add_to_string_length = 32 # Padding for string fields. If the biggest string length in your training csvs is X, then the db field size will be X + padding.
datetime_allowed_characters = "0123456789/:-" # If a string value in your training csv has characters that are subset of characters in datetime_allowed_characters, then that string value will be evaluated for possibility of having datetime value.
datetime_formats = ["%m/%d/%y", "%m/%d/%Y", "%Y%m%d"] # The list of any possible datetime formats in all your training csvs.
field_name_full_conversion = [] # Use this to tell ModelMapper which field names should be considered to be the same field. This is useful if you have field names changing across different csvs. Example: [['field 1', 'field a'], ['field 2', 'field b']]
field_name_part_conversion = [["#", "num"], [" (e)", ""], ["(y/n)", ""], [" (s)", ""], [" (e,s)", ""], ["yyyymmdd", ""], [")", ""], ["(", ""], [": ", "_"], [" ", "_"], ["/", "_"], [".", "_"], ["-", "_"], ["%", "_percent"], ["?", ""], ["!", ""], [",", ""], ["'", ""], ["&", "_and_"], ["@", "_at_"], ["$", "_dollar_"], [">=", "_bigger_or_equal_"], [">", "_bigger_"], ["<=", "_less_or_equal_"], ["<", "_less_"], ["=", "_equal_"], ["___", "_"], ["__", "_"]] # list of words in field name that should be replaced by another word.
dollar_value_if_word_in_field_name = [] # If the field name has any of these words, consider it as money field. It only matters if dollar_to_cent is True
non_string_fields_are_all_nullable = true # If yes, any non string field will be automatically nullable. Otherwise only if you have null values in your training csv, then it will be marked as nullable.
string_fields_can_be_nullable = false # Normally string fields should not be nullable since they can be just empty. If you set it to True, then if there are null values inside the string field in any of the training csvs, it will mark the field is nullable.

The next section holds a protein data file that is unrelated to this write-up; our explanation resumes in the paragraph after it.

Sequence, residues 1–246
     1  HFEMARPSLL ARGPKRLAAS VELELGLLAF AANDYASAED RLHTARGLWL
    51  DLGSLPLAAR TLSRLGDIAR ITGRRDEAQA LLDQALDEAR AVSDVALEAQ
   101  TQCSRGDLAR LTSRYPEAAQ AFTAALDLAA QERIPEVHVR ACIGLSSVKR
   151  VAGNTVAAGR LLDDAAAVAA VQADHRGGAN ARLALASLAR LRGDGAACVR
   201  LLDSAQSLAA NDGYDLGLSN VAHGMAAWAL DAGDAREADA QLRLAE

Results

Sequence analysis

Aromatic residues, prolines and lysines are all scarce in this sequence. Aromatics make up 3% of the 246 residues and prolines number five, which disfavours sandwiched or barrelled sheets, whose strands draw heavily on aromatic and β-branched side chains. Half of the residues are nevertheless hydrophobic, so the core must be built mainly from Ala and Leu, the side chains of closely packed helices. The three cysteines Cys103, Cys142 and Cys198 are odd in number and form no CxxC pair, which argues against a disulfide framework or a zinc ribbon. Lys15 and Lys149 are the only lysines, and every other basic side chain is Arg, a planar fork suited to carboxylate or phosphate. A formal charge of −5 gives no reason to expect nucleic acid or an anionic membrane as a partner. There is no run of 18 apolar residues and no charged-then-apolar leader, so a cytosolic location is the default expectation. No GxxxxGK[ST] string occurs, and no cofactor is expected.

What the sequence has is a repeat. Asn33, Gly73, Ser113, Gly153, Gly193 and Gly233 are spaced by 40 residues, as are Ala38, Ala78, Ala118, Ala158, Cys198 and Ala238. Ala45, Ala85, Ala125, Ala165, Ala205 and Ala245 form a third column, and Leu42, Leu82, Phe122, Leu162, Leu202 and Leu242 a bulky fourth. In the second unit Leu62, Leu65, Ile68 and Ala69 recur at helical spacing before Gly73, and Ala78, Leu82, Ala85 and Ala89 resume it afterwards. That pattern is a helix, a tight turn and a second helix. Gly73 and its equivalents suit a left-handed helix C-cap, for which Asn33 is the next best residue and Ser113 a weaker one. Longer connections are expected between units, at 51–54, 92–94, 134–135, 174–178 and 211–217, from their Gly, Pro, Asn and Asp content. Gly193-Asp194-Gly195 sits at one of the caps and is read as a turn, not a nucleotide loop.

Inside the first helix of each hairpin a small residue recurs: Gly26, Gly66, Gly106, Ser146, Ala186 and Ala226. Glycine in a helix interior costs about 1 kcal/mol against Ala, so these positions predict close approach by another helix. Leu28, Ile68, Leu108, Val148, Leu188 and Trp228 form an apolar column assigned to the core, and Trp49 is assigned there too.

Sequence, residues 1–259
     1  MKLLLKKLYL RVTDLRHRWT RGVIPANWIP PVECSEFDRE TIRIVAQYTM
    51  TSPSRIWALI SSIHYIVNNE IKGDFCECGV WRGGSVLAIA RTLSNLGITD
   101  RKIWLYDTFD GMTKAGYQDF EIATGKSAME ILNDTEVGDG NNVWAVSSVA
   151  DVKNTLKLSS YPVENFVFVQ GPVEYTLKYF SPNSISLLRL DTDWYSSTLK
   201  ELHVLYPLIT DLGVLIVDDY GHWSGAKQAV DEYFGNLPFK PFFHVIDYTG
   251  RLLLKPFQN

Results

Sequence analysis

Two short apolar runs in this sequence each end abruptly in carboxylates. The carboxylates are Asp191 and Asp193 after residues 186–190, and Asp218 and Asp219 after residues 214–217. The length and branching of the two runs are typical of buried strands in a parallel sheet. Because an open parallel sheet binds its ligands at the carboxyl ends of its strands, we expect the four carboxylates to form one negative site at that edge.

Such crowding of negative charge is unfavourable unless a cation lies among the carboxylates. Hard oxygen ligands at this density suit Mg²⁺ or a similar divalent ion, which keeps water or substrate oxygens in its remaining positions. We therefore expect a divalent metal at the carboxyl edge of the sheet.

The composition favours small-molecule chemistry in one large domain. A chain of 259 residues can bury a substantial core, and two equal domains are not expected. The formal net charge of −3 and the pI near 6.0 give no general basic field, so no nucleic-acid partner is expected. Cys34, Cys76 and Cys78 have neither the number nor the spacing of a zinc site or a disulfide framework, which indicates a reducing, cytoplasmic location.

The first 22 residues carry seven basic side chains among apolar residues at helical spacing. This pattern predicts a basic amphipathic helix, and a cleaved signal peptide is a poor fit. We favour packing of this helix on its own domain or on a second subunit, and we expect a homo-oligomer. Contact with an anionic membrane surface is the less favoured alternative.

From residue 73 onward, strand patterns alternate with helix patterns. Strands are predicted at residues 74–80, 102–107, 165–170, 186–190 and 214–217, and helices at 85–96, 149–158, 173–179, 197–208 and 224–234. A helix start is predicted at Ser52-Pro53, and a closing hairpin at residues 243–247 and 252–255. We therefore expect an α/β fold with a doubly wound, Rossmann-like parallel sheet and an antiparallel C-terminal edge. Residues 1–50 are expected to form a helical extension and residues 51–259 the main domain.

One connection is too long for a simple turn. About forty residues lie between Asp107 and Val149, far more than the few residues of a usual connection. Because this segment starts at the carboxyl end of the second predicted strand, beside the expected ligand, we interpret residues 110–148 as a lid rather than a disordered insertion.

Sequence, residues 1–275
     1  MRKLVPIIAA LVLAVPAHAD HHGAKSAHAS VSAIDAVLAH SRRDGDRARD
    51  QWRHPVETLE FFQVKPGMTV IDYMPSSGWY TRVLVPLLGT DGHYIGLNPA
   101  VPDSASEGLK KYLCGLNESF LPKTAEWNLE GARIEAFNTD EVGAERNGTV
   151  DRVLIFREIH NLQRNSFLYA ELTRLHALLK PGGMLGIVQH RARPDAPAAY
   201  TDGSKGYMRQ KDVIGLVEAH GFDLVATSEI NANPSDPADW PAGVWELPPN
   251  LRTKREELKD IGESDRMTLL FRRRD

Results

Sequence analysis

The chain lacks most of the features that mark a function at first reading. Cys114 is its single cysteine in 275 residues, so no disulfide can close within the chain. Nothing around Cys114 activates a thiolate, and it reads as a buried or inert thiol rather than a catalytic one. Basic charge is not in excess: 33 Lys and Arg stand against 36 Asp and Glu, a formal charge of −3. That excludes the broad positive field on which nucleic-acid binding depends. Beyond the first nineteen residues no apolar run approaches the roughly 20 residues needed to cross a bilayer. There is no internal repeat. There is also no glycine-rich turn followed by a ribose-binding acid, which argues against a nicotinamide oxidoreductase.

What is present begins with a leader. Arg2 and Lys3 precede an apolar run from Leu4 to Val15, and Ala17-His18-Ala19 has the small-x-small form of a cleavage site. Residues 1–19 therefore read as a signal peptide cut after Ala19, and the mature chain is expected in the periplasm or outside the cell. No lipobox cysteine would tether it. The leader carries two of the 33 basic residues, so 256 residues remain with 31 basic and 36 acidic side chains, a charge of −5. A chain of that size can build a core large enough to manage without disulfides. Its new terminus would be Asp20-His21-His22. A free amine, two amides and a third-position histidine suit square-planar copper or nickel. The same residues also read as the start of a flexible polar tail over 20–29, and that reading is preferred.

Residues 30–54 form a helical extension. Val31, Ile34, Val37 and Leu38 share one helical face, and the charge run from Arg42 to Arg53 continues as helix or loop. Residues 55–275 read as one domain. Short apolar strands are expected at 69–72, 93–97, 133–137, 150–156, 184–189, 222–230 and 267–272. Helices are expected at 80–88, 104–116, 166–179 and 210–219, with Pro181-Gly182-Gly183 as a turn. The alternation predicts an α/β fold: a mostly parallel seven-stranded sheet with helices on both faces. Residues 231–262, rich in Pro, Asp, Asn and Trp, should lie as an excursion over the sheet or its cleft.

training_csvs = [] # The list of relative paths to the training csvs
output_model_file = '' # The relative path to the ORM model file that the output generated model will be inserted into.

32767 = "SmallInteger" # An integer field with ALL numbers below this in your training csv will be marked as SmallInteger. If you don't want any SmallIntegerfields, then remove this line.
2147483647 = "Integer" # An integer field with ALL numbers below this but at least one above SmallInteger in your training csv will be marked as Integer
9223372036854775807 = "BigInteger" # An integer field with ALL numbers below this but at least one above Integer in your training csv will be marked as BigInteger


Is ModelMapper a one-off tool?

No. ModelMapper is designed to be deterministic. If it does not infer
any data type changes in your training CSVs, it should keep your model
intact. The idea is that your data should define your model, not the
other way. ModelMapper will update your model ONLY if it infers from
your data that a change in your ORM schema is needed.

I have certain fields in my ORM model that are not in the training CSVs. How does that work?

ModelMapper only deals with the chunk in your ORM file that is inbetween
ModelMapper’s markers. You can have any other field and functionality
outside those markers and ModelMapper won’t touch them.

Seems like ModelMapper is susceptible to SQL injection

The training of ModelMapper should NEVER happen on a live server.
ModelMapper is ONLY intended for the development time. All it focuses on
is to help the developer make the right choices in automatic fashion. It
has no need to even think about SQL injection. You have to use your
ORM’s recommended methods to escape the data before putting it into your

.. |CircleCI| image::

Author: Sep Dehpour
License: UNKNOWN
Description: UNKNOWN
Platform: UNKNOWN
Classifier: Intended Audience :: Developers
Classifier: Operating System :: OS Independent
Classifier: Topic :: Software Development
Classifier: Programming Language :: Python :: 3.6
Classifier: Programming Language :: Python :: 3.7
Classifier: Development Status :: 4 - Beta